Outside the camp, news of Trotsky’s arrest appeared in the New York Timesand spread to the Russian capital. The British ambassador there declared Trotsky a paid agent of Germany, while revolutionary parties denied the charge and insisted that Russia demand his freedom.
The leading ministers of Russia’s first Provisional Government were not themselves revolutionaries. Aware of the threat Trotsky posed and his refusal to accept their legitimacy, they felt less sympathy for his plight. But they recognized the need to garner support from the left, and after weeks of stalling, the government caved and requested Trotsky’s release.
Trotsky, who would do so much to shape his country, did not complete his journey to Russia until early May, months after the abdication of the tsar. Fellow revolutionary Vladimir Lenin had arrived a month before, permitted passage through Germany in a "sealed" railroad car, which kept him from internment there as a Russian. Trotsky declared his solidarity with Lenin that July.
If Trotsky missed the first Revolution of 1917, he made up for it by plotting the second. After a six-week prison stay for abetting an attempt to overthrow the government, he rallied the local workers and built support among war-weary soldiers frustrated with Russian involvement in the Great War. No one did more to mobilize Bolshevik supporters for armed insurrection.
After Trotsky masterminded military strategy during the Bolshevik seizure of power that fall, the nullification of election results months later scuppered any possibility of a democratic Russia. Trotsky took up the mantle of the People's Commissar of Military and Naval Affairs, organized the Red Army and led it through civil war against a shifting alliance of monarchists, democrats, reactionaries, and nationalists aided by foreign support. His presence in the Bolshevik rise to power and establishment of the Russian revolutionary state is so outsized that it becomes hard to imagine the same history unfolding in his absence.
But Trotsky’s internment and release had another legacy. Sailing away from Nova Scotia on a Danish ship, he wrote a letter blasting Russian diplomats for failing to aid him and the citizens arrested with him. A German diplomat soon noted that as a result of his time in Canada, Trotsky had developed a “burning hatred of the English.” Later that year, he wrote a pamphlet decrying the “lawless attack” made on Russian citizens. The pamphlet, “In British Captivity,” became a mandatory part of the Red Army’s traveling library during the Russian Civil War.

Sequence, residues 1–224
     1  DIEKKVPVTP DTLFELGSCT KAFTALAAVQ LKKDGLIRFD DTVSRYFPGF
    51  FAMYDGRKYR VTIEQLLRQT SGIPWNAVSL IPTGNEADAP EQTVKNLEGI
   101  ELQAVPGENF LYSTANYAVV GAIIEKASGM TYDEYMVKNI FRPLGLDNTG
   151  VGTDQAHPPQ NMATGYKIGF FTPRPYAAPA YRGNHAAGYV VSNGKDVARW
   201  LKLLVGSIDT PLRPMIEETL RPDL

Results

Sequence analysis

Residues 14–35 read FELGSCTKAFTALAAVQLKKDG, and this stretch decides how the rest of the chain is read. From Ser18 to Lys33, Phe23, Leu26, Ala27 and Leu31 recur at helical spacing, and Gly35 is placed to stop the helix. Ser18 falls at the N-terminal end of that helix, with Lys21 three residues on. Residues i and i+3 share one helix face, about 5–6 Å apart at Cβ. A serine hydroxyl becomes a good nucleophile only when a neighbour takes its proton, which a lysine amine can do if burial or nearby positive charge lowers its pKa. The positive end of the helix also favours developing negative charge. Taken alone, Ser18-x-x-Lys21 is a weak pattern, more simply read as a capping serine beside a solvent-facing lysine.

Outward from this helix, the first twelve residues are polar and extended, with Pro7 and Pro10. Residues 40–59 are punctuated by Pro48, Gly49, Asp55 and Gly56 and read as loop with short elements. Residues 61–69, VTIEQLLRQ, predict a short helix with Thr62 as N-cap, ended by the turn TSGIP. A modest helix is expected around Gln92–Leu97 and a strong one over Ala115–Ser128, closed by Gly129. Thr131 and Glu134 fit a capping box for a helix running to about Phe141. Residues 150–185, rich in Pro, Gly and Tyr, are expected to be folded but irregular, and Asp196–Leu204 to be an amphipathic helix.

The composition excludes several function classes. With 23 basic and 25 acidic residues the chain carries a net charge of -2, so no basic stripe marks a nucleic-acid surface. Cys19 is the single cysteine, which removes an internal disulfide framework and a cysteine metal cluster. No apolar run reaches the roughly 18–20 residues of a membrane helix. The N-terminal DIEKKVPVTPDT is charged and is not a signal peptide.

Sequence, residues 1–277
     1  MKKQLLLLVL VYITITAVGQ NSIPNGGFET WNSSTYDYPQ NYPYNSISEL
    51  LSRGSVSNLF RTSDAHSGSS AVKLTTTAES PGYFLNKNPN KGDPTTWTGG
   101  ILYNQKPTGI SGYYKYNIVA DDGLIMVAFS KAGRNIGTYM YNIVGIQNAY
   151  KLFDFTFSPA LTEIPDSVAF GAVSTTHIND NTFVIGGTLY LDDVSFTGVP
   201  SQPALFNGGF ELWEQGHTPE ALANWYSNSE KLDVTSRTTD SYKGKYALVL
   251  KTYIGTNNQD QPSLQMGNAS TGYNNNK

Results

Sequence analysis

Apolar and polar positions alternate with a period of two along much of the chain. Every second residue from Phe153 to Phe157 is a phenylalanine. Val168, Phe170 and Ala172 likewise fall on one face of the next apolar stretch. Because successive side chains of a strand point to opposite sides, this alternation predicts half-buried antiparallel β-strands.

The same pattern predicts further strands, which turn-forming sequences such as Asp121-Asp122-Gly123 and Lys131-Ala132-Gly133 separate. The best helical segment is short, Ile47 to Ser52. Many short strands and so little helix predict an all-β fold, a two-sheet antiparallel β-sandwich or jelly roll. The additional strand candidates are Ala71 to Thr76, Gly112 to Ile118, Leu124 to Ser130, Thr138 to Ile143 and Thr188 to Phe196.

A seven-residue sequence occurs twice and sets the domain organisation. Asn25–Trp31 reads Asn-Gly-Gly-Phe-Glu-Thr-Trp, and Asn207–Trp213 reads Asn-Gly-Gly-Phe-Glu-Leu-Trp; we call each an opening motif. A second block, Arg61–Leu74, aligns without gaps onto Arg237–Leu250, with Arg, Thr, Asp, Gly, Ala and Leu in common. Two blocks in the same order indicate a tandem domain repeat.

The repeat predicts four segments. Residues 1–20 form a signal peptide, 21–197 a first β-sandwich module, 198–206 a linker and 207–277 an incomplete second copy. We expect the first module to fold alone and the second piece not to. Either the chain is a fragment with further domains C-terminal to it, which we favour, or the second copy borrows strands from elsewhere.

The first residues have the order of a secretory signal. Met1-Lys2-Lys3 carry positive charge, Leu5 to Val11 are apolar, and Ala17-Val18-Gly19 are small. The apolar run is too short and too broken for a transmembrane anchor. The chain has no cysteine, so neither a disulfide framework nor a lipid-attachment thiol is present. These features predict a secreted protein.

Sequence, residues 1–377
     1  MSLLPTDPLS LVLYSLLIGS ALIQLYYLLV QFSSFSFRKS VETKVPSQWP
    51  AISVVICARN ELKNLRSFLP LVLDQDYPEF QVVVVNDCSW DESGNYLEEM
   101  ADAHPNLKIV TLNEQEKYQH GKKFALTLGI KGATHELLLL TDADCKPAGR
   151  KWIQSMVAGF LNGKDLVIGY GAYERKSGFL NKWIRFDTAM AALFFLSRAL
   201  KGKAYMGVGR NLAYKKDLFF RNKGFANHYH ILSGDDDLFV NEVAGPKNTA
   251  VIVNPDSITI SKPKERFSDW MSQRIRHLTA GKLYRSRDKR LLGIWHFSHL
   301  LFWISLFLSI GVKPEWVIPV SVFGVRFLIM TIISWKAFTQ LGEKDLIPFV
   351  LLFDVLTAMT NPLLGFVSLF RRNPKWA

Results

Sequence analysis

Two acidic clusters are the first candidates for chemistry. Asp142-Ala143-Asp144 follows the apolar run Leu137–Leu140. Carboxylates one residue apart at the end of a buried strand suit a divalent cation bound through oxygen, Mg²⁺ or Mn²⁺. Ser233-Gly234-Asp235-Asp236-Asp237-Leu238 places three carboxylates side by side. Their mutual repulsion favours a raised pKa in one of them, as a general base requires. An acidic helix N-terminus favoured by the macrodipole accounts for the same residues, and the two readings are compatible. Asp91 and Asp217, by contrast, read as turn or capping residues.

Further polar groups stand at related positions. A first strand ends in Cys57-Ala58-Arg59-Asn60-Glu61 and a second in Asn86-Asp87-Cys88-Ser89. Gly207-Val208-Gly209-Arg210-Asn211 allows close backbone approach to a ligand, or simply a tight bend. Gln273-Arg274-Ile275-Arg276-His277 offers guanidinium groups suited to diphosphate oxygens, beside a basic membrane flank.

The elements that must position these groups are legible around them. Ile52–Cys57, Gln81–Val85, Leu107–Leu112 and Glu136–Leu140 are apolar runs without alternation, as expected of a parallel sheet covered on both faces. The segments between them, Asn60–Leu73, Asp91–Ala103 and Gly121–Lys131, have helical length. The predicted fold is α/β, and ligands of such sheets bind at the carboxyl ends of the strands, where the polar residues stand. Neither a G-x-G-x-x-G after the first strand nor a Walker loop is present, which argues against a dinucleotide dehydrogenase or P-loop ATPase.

As much as Trotsky hated his detention, it later inspired him to recommend a similar approach to his fellow revolutionaries. In June 1918, he suggested putting a group of problematic prisoners of war in a concentration camp. This was not unusual; prisoners of war were being held at that moment all around the world. A few days later, however, he delivered a memo in which he proposed that it might be advisable to put members of the bourgeoisie in camps, too, doing “menial work (cleaning barracks, camps, streets, digging trenches, etc.)”—just the kind of jobs he himself had been required to do at Amherst.
Later that summer, Lenin built on Trotsky’s idea, actively calling for mass terror against his opponents and instructing that suspect individuals be “locked up in a concentration camp outside town.” Camps were soon effectively in use in several places, though it would be years before the network would fully fuse with a Russian tradition of forced labor to spread outward from the ur-camp at Solovki—a monastery complex on a subarctic island north of the Russian mainland.
Established as a “camp of special significance” by Lenin months before his death in January 1924, Solovki would transform into a legendary place of torture and executions. But not until Joseph Stalin eclipsed Trotsky’s influence and consolidated his power after Lenin’s death would it become the model for the Gulag, the Soviet state’s widespread adoption of political rehabilitation through forced labor. In time more than 18 million prisoners would enter its camps, and more than a million and a half of those inmates died there.
Aware of the unjust aspects of his own detention, Trotsky transformed the humiliation of his unwanted Canadian holiday into a strategy built atop the internment camps from World War I. In doing so he expanded the possibilities of what a concentration camp could be. By imagining the camps as holding pens not just for enemy aliens during a time of war, but also for any fellow citizens who were in some way suspect, he transformed these camps into a tool by which a government could exert control over its own citizens without due process.
Including concentration camps as a part of revolutionary strategy, Trotsky ensured that they could also be a tool of political reconstruction. During the decades that followed, in states such as the People’s Republic of China, North Korea, and Cambodia, preemptive civilian relocation and detention would become a defining feature of revolutionary justice—or its absence.